In 2009 Andy immediately began to provide this proof, securing the gold medal in the hurdles at the European Team Championships. However injury yet again struck, meaning despite making the start line at the World Championships later that year, he was only able to finish 5th in the heats. Still undeterred, Andy yet again overcame his injury problems, and his season best 13.30secs saw him earn his right to yet again receive full funding from UKA.
2010 was Andy’s opportunity to finally prove his critics wrong while also replying the faith that the governing body had once again shown in him. Things started well, winning the 110m hurdles at the Manchester City Games and taking the title in the 200m event aswell whilst also securing a world best time. Next up were the European Team Championships and another first placed finish set Andy up nicely for the true test he’d been waiting for at the European Championships in Barcelona. Following straightforward progression in the heats and a slight scare in the semi- finals, it was Andy’s time to shine in the Final. Putting pressure on the favourite Petr Svoboda throughout, Andy seized his chance with both hands and steamed through to a historic gold medal success.
Andy ended a very successful 2010 with yet another gold medal, this time at the Commonwealth Games in Delhi. Despite citing exhaustion after a long season he was determined to compete and bring back the gold medal. He succeeded by leading a 1- 2-3 for England as he finished ahead of his compatriot Will Sharman.
2011 started off strongly for Andy, equalling his PB in Jamaica before setting a new lifetime best of 13.22 seconds in Lausanne in June. This, along with leading the GB team with a gold medal at the European Team Championships, set him up for the World Championships in Daegu. Despite a groin tear just a few weeks before the Championships, Andy cruised through the heats and made it through a tough semi- final to line up against the world’s best in the final. With Dayron Robles being disqualified form the race, Andy took home another historic medal, this time a bronze, making it three consecutive major championship medals.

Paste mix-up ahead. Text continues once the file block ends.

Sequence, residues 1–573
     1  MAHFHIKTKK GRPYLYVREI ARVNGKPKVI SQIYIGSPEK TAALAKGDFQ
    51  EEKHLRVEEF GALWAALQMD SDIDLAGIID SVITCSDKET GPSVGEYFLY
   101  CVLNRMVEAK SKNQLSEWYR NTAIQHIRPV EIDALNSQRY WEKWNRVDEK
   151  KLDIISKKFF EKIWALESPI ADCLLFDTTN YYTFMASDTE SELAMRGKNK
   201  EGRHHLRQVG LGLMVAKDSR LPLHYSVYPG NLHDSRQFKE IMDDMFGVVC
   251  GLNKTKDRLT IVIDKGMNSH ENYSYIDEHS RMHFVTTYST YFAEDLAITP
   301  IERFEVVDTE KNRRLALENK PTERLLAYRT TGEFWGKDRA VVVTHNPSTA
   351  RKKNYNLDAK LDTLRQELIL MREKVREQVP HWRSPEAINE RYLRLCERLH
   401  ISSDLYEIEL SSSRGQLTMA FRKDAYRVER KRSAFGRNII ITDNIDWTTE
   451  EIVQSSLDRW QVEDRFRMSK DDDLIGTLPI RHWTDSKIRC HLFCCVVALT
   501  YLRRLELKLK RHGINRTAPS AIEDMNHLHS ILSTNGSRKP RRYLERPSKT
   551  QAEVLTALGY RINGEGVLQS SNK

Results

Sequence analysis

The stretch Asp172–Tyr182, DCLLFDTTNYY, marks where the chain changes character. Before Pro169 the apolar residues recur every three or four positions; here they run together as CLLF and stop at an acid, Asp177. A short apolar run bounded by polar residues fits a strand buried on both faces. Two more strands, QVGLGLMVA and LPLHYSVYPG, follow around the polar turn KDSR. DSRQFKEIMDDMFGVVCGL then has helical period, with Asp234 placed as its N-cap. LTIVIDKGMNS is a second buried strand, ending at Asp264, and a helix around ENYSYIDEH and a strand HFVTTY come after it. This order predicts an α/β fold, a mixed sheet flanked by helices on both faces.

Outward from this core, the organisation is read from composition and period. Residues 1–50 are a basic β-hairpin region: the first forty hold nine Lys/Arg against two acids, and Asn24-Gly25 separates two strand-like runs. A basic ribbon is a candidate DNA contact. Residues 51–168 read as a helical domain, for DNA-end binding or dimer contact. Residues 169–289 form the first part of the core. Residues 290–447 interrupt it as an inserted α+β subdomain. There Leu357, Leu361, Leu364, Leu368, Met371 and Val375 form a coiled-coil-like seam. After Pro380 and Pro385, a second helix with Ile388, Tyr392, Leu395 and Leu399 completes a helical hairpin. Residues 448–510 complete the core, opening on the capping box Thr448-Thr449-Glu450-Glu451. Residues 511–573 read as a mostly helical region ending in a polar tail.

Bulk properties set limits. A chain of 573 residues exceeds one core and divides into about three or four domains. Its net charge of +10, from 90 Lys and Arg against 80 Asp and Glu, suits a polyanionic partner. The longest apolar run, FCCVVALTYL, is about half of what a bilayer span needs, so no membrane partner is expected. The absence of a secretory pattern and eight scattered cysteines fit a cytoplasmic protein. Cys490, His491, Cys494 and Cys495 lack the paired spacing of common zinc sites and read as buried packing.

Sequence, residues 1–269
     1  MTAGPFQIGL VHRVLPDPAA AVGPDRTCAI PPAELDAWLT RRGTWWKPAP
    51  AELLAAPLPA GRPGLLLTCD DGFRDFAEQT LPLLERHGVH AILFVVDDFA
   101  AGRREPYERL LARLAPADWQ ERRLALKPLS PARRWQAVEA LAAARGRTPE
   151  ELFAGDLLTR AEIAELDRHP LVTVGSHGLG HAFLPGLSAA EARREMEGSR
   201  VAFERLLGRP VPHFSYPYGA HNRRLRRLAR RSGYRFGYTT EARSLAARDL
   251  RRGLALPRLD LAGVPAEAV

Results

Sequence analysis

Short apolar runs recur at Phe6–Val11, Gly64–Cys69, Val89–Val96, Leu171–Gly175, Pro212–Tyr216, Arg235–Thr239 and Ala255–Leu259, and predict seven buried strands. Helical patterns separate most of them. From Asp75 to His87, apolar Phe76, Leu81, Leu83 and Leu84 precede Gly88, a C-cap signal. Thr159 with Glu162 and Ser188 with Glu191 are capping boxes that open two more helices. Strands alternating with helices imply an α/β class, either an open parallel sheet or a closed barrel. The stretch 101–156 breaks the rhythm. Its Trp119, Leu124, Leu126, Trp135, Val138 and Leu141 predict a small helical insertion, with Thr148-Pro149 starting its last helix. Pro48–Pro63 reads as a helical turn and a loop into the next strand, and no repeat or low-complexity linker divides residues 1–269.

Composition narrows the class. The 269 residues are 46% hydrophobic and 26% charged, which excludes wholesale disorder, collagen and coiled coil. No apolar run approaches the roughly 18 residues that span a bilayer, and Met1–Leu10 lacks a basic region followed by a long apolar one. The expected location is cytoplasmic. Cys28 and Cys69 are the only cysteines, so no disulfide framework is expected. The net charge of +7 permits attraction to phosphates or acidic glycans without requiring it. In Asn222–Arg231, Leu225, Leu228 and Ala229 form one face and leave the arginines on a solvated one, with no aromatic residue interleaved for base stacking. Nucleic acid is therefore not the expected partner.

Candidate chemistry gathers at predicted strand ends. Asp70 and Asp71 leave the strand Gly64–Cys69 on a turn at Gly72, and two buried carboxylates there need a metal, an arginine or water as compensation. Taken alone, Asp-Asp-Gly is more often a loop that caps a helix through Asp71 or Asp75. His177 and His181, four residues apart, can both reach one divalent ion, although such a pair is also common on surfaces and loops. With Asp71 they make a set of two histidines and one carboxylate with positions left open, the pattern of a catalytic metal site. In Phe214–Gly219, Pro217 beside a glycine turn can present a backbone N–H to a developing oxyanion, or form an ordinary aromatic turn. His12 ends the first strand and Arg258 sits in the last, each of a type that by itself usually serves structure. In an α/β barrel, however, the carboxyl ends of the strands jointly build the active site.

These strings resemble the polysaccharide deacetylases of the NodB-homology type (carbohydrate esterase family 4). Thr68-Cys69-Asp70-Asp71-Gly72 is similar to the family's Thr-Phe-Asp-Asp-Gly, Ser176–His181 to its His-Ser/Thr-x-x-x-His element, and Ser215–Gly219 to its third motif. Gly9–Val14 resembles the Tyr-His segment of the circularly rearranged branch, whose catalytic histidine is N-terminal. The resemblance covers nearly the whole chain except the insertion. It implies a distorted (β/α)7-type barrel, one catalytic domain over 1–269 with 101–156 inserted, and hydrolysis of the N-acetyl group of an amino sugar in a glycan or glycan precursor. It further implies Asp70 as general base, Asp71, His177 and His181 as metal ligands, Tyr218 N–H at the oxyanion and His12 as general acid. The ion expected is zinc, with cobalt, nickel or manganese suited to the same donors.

In addition to his athletics career, Andy is in demand as a model and has a range of television experience having been in an advert for Ford as well as an episode of Silent Witness. Despite this his sights remain firmly set on success at the London Olympics in 2012, with his recent successes establishing him as one of the leading 110m hurdle contenders in the world.
- Olympian, London
- World Championships, Bronze
- PB of 13.22secs
- UK Indoor Championships, 60m hurdles, Gold
- Commonwealth Games, 110m hurdles, Gold
- European Championships, Gold
- IAAF World Challenge, 110m hurdles, 1st
- Manchester City Games, 200m hurdles, 1st
- Manchester City Games, 110m hurdles, 1st
- British 110m hurdles Champion
- IAAF Grand Prix in Hengalo, 1st
- British 110m hurdles Champion
- Olympian, Beijing
- British 110m hurdles Champion
- AAA Indoor Champion
- European Championships, Bronze
- Commonwealth Games, Bronze
- Olympian, Greece